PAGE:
Family Readiness is a critical issue for the Department of Defense. Quality of life and family matters are priority issues for the secretary and the services. The department’s ability to assist service members and their families to prepare for separations during short and long-term deployments is paramount to sustaining mission capabilities and mission readiness. The reserve components have worked closely with their parent services to develop seamless, integrated family readiness and support programs that provide information and services to all members, regardless of the parent service or component of the member.
To enhance support for Guard families and maintain a Total Force approach to family readiness, the Office of the Assistant Secretary of Defense for Reserve Affairs and the DoD Office of Family Policy formed a strategic partnership. The results of this partnership cemented the department’s commitment to eliminate all barriers to providing quality family support program across the force. This partnership will continue to nurture the philosophy and reinforce the practices of working together to share information and resources to better prepare and support military families.
This has proven to be a very productive partnership, which has resulted in publications that will assist RC families, a strategic plan for the future and integrated efforts to support all families.
Family readiness is a force multiplier for successful deployments.
Service member/family readiness is a key factor in unit, service member, and family morale.
Family readiness helps to increase retention of service members, encourages family participation, and ultimately contributes to successful achievement of the mission.
Family readiness programs are a command responsibility. The command’s leadership (which includes senior unit enlisted personnel as its most vital element) and demonstrated concern for families before, during and after a deployment/mobilization can directly impact the success of many of your unit’s efforts. Commanders must clearly articulate their goals and vision for family readiness. Senior non-commissioned officers’ full support of this command vision is also critical. Empowering families to be self-sufficient, especially during times of mobilization and training, pays immeasurable dividends to unit commands and personnel.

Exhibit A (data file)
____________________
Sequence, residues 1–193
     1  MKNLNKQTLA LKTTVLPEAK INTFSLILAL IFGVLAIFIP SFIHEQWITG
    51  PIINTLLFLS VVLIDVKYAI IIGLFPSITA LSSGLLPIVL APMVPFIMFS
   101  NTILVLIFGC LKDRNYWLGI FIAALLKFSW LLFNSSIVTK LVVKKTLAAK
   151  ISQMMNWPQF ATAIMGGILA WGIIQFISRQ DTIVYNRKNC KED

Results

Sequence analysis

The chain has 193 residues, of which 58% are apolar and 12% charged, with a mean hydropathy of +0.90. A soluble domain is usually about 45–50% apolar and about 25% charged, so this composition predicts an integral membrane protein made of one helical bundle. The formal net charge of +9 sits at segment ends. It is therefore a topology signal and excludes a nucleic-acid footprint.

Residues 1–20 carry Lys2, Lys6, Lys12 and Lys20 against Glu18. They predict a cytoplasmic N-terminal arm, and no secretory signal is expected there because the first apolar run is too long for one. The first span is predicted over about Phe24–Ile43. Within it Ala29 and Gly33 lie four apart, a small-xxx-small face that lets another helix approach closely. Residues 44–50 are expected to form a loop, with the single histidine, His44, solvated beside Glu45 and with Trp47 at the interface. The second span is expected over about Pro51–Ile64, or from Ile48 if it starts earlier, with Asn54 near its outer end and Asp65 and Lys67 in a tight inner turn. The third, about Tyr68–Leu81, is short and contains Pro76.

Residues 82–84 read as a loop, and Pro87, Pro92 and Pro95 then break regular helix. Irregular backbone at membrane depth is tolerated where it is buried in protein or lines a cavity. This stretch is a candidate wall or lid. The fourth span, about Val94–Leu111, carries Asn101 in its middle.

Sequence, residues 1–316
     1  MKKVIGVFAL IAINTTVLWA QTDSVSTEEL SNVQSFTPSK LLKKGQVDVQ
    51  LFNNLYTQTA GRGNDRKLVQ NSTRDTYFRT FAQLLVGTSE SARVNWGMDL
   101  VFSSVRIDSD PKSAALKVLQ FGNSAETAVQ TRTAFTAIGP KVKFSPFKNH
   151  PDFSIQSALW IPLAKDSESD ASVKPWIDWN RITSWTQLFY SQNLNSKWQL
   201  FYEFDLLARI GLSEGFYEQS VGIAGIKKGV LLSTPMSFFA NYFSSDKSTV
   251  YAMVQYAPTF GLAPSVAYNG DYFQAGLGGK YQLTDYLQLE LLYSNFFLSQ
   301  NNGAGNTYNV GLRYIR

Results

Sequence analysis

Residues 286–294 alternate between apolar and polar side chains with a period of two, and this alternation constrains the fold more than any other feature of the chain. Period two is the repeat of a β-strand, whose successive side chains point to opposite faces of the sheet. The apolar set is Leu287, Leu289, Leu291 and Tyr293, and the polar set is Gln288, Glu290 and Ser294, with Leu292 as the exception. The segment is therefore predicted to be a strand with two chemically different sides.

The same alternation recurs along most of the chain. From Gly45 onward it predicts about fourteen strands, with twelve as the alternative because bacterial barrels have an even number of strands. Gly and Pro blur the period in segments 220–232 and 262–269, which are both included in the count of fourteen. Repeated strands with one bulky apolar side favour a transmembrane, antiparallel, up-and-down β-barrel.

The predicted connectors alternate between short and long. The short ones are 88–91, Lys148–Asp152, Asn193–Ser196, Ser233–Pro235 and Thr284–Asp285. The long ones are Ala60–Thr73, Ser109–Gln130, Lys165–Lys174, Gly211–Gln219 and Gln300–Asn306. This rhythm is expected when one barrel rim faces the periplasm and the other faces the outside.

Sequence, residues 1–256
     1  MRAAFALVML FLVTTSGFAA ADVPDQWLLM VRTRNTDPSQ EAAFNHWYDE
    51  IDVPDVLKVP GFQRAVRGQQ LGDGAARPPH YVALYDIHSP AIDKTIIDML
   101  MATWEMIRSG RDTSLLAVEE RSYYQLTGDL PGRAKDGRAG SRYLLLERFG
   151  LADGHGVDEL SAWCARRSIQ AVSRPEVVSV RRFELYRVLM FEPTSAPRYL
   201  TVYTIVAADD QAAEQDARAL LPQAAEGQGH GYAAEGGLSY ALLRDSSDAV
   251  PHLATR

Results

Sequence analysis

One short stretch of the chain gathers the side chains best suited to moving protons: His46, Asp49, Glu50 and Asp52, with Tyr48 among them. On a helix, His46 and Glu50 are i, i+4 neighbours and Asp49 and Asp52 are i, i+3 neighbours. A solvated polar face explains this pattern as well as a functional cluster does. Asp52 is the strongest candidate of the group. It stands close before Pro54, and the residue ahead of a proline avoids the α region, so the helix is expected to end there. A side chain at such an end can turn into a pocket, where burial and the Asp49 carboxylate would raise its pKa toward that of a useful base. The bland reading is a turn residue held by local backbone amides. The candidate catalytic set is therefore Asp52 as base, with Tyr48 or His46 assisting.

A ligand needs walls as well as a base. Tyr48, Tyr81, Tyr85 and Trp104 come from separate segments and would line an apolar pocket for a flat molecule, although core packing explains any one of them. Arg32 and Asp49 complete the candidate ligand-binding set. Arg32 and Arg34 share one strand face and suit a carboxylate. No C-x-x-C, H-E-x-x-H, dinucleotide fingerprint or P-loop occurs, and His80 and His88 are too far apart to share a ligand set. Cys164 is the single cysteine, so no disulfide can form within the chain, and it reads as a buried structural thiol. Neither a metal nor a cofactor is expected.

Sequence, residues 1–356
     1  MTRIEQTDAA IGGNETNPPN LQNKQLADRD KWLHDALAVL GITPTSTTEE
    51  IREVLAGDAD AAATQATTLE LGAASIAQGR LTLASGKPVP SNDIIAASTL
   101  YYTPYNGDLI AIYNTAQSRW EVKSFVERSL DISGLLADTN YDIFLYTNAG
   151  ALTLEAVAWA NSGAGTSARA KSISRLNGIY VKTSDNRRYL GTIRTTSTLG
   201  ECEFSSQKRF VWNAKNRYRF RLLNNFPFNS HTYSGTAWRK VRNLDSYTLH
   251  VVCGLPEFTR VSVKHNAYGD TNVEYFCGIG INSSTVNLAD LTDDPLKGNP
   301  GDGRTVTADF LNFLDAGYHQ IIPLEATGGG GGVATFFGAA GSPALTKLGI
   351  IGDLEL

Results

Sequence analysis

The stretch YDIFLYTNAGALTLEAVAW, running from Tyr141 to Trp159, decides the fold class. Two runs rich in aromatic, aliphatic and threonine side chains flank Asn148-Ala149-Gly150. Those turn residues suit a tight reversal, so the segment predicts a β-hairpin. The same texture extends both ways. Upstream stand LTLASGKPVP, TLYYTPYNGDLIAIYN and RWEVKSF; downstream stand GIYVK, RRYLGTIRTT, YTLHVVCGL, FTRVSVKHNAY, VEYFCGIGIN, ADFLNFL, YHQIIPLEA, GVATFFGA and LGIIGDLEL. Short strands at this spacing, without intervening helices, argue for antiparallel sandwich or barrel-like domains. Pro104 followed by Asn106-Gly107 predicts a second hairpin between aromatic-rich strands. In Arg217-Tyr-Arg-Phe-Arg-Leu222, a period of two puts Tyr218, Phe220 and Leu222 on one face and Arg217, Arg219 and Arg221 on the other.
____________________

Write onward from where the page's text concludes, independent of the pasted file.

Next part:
Family readiness cannot be achieved through “catch up” activities conducted just before or during training or a unit deployment. Instead, family readiness must be continuously promoted through a well-planned and thoughtfully executed program. Family readiness has a direct impact on:
- Overall unit morale
- Unit retention
- Participation in family-related unit activities
- Common understanding and access to available government benefits/entitlement programs (e.g., SGLI, TRICARE and Exchange/Commissary benefits)
All too often, family readiness programs mistakenly over-focus on the immediate family (spouse and children) to the exclusion of others. Every individual has personal concerns outside of your command, whether it is with parents, siblings, significant others or even a pet. While it is not specifically your command’s task to yield to all of the details in your member’s lives, it is extremely important to be all-inclusive in the efforts you make to ensure everyone in your unit is ready to deploy whenever and wherever required.
The Command Family Readiness Program
Educating unit members about their benefits and entitlements is the most fundamental and yet most challenging aspect of any Family Readiness Program. It is fundamental because every member must understand their basic benefits and entitlements and be aware of the vast network of support agencies and organizations created to support them and their families. It is also complex because the regulations and laws that govern them change often, so it is critical that your unit members have the most current and relevant information. There are literally tens of thousands of people in many organizations who make it their duty to support military families. Connecting them to members of your unit is a continual task, and no command staff can do it well without the assistance of volunteers and organizations that can fill the gaps.